Cycle America riders stop in Philip
Approximately 90 men and women bicyclists of the Cycle America tours stayed at the Philip High School the night of Friday, July 16.
The troup's members ranged from 18 to 81 years of age. Though 40 people are pedaling the entire journey, the rest of the group varies in size depending on the section or week of the coast-to-coast trip. The start was at Everett, WA, and the final destination is Gloucester, MA.
Greg Walsh, the main participating coordinator for this year's event, said that the leg that included Wyoming and South Dakota was the most popular of the entire nine-week package.
For this leg of the journey, the brochure stated, "A visual feast of diversity, this cross-state tour features some of the most unusual land formations on the planet, both natural and manmade. You'll start at Devil's Tower National Monument, then explore the unforgettable Needles Highway as it coils through the shadowy Black Hills towards the breathtaking Mount Rushmore and Crazy Horse monuments. Watch for eagles, antelope, bison and prairie dogs as you cycle across the hills and plains of native America into Badlands National Park. Stop at the world famous Wall Drug before heading to Philip. This tour ends at South Dakota's capital, Pierre, an economic center for the state's cattlemen, farmers, businesses and government."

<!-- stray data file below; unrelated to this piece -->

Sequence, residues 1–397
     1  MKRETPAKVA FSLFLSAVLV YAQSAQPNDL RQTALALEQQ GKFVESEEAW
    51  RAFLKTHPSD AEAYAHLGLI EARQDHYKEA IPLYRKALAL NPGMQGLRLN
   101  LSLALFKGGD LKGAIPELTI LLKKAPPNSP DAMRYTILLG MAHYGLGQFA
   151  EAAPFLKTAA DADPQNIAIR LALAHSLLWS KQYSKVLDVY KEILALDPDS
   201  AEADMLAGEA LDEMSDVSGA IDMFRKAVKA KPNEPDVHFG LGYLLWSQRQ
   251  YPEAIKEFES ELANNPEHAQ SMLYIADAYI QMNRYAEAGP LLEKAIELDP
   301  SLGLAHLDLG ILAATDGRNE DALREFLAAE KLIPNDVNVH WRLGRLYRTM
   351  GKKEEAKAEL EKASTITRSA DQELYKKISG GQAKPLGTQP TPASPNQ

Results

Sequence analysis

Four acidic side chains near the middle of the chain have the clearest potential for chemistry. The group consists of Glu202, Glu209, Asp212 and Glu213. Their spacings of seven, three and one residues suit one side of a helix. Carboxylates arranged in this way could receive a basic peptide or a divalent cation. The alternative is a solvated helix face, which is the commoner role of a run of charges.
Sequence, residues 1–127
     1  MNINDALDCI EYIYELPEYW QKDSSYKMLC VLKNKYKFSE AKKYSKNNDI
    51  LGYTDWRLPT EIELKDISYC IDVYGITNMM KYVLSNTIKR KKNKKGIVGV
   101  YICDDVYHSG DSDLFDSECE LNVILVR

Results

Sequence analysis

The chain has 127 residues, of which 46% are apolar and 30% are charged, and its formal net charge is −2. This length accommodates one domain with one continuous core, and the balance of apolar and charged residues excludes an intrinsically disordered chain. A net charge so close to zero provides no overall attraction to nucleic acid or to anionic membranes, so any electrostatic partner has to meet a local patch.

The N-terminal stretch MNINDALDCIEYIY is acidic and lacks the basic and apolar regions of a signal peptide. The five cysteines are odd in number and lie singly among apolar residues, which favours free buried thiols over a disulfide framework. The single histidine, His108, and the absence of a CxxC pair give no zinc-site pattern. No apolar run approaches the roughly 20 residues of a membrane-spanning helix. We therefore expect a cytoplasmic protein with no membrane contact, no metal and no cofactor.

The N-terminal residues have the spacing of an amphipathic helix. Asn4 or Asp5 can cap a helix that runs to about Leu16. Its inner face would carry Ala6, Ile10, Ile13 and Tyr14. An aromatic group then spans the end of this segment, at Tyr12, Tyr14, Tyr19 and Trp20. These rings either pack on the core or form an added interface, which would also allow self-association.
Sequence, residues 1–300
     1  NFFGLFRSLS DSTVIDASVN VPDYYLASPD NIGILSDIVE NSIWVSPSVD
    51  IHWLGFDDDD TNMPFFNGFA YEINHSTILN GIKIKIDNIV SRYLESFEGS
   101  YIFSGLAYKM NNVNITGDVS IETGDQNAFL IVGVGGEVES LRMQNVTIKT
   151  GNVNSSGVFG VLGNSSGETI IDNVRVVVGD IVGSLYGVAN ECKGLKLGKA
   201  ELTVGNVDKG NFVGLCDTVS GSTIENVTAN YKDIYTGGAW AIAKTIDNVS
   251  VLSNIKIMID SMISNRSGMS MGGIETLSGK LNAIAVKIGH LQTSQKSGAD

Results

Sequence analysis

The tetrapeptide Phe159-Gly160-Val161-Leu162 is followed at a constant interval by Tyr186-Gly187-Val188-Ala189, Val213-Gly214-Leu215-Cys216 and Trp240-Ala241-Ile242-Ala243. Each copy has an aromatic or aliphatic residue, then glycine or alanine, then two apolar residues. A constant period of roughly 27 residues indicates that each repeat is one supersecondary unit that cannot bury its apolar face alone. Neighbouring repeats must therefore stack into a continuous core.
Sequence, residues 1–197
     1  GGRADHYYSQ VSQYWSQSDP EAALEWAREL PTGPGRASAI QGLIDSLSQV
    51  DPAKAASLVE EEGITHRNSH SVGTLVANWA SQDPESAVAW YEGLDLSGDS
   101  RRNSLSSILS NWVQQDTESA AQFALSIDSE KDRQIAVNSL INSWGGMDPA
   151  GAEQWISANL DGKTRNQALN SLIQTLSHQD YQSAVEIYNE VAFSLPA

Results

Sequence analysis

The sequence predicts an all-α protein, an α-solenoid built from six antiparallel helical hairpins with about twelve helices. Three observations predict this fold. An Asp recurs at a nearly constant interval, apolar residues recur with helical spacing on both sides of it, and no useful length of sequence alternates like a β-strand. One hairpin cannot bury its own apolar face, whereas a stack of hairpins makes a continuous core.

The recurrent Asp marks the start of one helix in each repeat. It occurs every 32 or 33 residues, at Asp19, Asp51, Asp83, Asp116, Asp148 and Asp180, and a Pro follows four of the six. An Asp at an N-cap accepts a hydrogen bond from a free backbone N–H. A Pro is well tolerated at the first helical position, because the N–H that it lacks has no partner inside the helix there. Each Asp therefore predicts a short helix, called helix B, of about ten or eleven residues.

While in Philip, Walsh said, "It certainly does very well, with Devil's Tower, the Badlands, Wall Drug, Philip and on to the Missouri River, transitioning into the broadlands of the United States. Since 2007, people found it harder to think to take time off. This year, the economy helps and decades, such as 2010, seem to be milestones for people. It's a learning experience for them and for us."
It is an international troup, with some riders representing Australia, Holland, France, Wales and many American states. The group stayed in Interior Thursday night and looped through the Badlands Friday. They average 500 miles per week and around 80 miles per day.
"You can see the economy in the country, everyone smiling and the harvesting machinery running," said one bicyclist. One man from Wales said, "Most people are fairly nice. The most abusive spot during the entire trip was in Rapid City, where 'get off the pavement' was probably the nicest thing some people yelled at us. One woman from Georgia said, "It's beautiful, the people and the country. South Dakota is the hidden gem of America!"
Philip's Johanna Baye and Brenda Grenz headed a group in providing the travelers their evening supper and morning breakfast.